How Much Stress is Enough?

How Much Stress is Enough?

“I will have to shut down the GPU for a few minutes,” yelled the line guy on the Signature ramp. Darkness and heavy mist hung in the early morning at Dallas Love Field (KDAL). “Why?” I responded. “We just detected a lightning strike west of the airport and everything has to shut down,” he replied.

Just a little more stress to start the day.

Only 24 hours before, I received a phone call that a favorite relative had passed, and today I was flying a planeload of family members to a funeral.

“Dallas Love Field information Alpha, wind one four zero at one two, gusting two three, visibility two and one half, light rain, thunderstorm, fog, overcast six hundred, temperature one two, dewpoint one zero, altimeter two niner eight four, simultaneous ILS approaches runway one three left, runway one three right in progress.”

Are you beginning to see the picture?

Prior to the flight, I ran my mental risk assessment and decided to call Jason, a multi-thousand-hour King Air instructor, to help in the right seat. We were headed to Jackson, Mississippi, and a line of weather was forecast to pass through Dallas about the time of our return.

Jason handled the passenger safety briefing as I set up the cockpit. On departure we were immediately enveloped in IMC and light rain and turbulence. Jason worked the radios while I cycled the boots in light icing between 14,000 to 16,000 feet. With a 40-knot tailwind, we landed an hour and fifteen minutes later after shooting the GPS Runway 16 to Hawkins field (KHKS). Five of us scurried to the rental car while Jason tended to the engine covers and checked the oil.

On the drive to the funeral home, Patty’s phone rang. On the other end was the nurse at the retirement home where her mother lives. “Your mom has fallen, and we need to know if you want us to take her to the hospital for a CT scan,” came the request.

Another little addition to the stress quotient.

From the backseat, my son Matt asked me about a Piper Cheyenne that crashed on takeoff in Louisiana as we flew overhead. My family had more questions.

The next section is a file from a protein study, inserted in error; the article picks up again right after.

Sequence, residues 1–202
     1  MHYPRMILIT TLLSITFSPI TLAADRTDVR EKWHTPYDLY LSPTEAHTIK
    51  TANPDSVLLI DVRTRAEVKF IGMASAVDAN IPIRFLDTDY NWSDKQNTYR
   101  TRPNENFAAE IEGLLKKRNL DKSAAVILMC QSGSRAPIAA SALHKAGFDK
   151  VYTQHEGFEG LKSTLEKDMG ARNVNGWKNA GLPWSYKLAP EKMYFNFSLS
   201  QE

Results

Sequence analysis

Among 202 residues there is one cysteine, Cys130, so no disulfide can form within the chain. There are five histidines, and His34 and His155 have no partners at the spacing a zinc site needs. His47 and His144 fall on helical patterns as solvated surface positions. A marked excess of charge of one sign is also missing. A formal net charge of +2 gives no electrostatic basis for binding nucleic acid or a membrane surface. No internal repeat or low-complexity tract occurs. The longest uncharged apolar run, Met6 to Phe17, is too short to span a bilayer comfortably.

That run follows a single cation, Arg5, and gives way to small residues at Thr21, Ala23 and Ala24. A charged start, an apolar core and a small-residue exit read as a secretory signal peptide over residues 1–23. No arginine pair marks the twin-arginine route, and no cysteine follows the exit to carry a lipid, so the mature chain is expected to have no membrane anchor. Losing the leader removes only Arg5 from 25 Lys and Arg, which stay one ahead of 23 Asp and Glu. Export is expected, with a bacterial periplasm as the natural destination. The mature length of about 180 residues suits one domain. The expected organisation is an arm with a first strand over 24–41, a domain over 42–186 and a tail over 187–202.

Just a tad more stress.

During the funeral, the line of thunderstorms west of Dallas continued its eastward crawl. I glanced at my iPhone radar picture only once, knowing that Jason was watching closely at the airport. 

Just a tad more stress.

After the service, Jason and I huddle at the FBO and decide that we can head back towards DAL and land short if necessary, to wait out the line of weather. 

In between layers at FL 200, Center says, “November seven three zero Juliet Alpha, regional approach says they are no longer taking arrivals from the southeast. We can take you all the way west and back to Love or you can divert and wait out the line of thunderstorms.” 

Jason and I discuss the options. “Can we proceed as far as Mesquite (KHQZ) 20 miles short of our destination?” I ask. “Standby” comes the response. Then, “Approach says they will agree to that.”

We head for Mesquite, the C90 now fully enveloped in the turbulence and clouds, where the weather is 600 overcast in 2 miles visibility with crosswinds gusting to 24 knots. I cycle the boots and activate all the deice equipment. “Jason, you have the airplane,” I said. This gives me the time to fully brief the puzzled passengers and answer a couple of their questions, knowing that Jason has control of the airplane.

We land on a wet runway and file a flight plan to KDAL 30 minutes later, landing in light rain. Jason puts the covers on the airplane, and I clean the cabin, while Patty heads to see her mother.

It was really nice to have another set of eyes and hands in the right seat. Sometimes it’s not about how you fly the airplane, but how you manage the flight.

Fly safe. 

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